NASA Unveils New Plan To Send Astronauts Beyond The Moon, But Will The White House Bite?

By Brian Williams | Updated

When NASA lays out a plan for human spaceflight, it usually revolves around a presidential mandate that outlines the course of the agency within a president’s time in office. It’s not really the best arrangement, but if the president happens to stick around for two terms, then it hopefully provides a nice, eight-year cushion to keep the course steady for NASA. When President Obama unveiled his plan for the space agency, it predictably wiped the slate clean (for the most part) of President Bush’s underfunded plan, while simultaneously laying out an extremely long-term plan that would in all likelihood be changed as soon as he leaves office. Now it looks like NASA is no longer content to be left in the lurch with the plans of politicians and has put forth its own plan to the president for the future of human spaceflight. It’s a bold mission to build a space station on the far side of the moon, but can it get past the White House?

According to the Orlando Sentinel, the new plan calls for using parts of the current International Space Station to be re-purposed and moved to the L2 Earth-Moon Lagrange Point, where it would be used as a small outpost to increase training effectiveness for deep-space missions while providing a support base for future Mars and Lunar missions. In addition to being a stepping stone for deep-space exploration, the L2 base would also allow for robotic sample-return missions on the moon to be studied aboard the space station by human investigators. The L2 point is over 277,000 miles from Earth, so this would not only make the station the most distant that man has ever built, but it would put humans further away from Earth than at any point during the Apollo missions. That task will be monumental when it comes to the safety of the astronauts, who won’t have the relatively quick and easy trip home that they would from the ISS’s current orbit, but the possible benefits to future deep-space exploration would be immense.

There are a couple of key benefits to the L2 base plan that could sway the White House’s approval. Since the base uses parts of the ISS, not only would it look to be a cost-efficient re-purposing of the most expensive science outpost ever created, but it would also provide a definite end date to ISS operations, something that would be necessary before any other big-money science project dominates NASA’s time. One of the parts being used from the ISS would be a Russian module, so that would provide a big incentive for international partnership as well.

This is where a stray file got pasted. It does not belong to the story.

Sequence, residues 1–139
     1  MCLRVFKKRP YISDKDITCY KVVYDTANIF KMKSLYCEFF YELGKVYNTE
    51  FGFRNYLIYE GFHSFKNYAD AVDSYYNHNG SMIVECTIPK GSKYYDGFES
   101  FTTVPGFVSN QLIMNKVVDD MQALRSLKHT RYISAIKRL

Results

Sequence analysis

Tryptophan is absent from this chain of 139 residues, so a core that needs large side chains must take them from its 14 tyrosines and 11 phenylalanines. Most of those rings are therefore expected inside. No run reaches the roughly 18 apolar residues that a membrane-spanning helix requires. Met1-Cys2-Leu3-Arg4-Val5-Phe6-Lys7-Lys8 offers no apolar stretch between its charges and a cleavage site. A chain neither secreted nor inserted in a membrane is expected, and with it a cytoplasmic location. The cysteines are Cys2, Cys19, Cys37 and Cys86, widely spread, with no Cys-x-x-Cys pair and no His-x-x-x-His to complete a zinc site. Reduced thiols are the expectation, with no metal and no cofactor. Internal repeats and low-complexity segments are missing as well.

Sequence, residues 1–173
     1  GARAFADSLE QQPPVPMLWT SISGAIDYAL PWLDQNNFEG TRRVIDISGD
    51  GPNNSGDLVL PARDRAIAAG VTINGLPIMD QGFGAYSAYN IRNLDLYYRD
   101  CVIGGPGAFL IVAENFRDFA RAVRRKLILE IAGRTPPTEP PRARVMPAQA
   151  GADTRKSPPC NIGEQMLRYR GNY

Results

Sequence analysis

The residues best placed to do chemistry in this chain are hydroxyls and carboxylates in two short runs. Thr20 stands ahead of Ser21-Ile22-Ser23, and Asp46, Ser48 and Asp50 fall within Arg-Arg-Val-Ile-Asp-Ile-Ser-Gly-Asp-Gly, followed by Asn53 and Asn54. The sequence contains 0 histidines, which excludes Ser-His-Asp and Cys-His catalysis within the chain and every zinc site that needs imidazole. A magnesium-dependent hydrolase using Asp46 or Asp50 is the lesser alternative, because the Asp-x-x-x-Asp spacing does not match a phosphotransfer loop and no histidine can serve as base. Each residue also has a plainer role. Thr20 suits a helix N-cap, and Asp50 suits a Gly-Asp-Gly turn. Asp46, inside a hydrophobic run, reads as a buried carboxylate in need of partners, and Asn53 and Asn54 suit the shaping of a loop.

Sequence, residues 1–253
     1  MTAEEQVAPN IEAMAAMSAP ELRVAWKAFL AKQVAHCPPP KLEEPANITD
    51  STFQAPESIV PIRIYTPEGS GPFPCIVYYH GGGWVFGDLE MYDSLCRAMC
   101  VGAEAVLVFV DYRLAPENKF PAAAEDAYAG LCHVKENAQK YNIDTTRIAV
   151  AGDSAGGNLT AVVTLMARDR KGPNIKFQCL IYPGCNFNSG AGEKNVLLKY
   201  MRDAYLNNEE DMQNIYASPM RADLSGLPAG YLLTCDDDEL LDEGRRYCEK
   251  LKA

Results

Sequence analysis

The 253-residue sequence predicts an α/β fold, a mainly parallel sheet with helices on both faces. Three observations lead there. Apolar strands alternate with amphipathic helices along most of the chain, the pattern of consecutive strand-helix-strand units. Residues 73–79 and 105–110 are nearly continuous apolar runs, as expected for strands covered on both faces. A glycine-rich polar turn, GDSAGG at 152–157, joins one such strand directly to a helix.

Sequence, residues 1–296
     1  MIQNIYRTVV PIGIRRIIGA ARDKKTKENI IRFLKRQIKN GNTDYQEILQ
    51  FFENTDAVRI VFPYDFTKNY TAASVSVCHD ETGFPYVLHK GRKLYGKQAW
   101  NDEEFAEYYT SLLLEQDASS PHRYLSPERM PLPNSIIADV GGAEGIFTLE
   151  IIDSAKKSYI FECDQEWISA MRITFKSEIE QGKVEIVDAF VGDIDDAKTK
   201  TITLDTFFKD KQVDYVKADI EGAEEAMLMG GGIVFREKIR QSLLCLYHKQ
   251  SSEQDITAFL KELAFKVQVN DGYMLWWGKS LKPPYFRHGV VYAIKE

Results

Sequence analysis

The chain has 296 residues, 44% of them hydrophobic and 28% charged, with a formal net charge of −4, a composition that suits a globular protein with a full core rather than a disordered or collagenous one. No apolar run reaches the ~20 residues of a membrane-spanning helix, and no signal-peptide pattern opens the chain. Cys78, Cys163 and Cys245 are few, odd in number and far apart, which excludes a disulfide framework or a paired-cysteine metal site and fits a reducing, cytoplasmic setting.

The L2 base would also provide a purpose for the current plans for the SLS and Orion modules. While the SLS and Orion were approved to help further NASA’s deep-space capabilities, the various early iterations of the SLS don’t really have a purposeful destination, and the size of the Orion module only makes it suitable only for relatively short trips. An L2 base would need both the SLS and the Orion to make it work, and might provide a valuable roadblock to any future president’s plan to stop their development.

It is unclear as whether or not this proposal was specifically timed by NASA to coincide with the upcoming election, but it may or may not prove to be a smart move on their part. With the Romney campaign looking fairly soft on science, they may be thinking that President Obama will jump at the chance to further separate himself from his opponent, but the proposal would require a funding increase for NASA, although modest, which could be a big no-no in the current jobs-and-economy-focused election. Time will tell if the proposal’s timing will pay off.

All in all, it is a very intriguing plan to further mankind’s reach within the solar system, and hopefully this marks the beginning of NASA being more proactive in its plans for human spaceflight. While it’s nice to have a mission put forward by a White House administration in order to keep it from being canned  for at least four years, it’s even nicer to have actual scientists and engineers putting forward projects without political oversight. NASA’s unmanned robotic programs seem to do just fine without the White House’s involvement.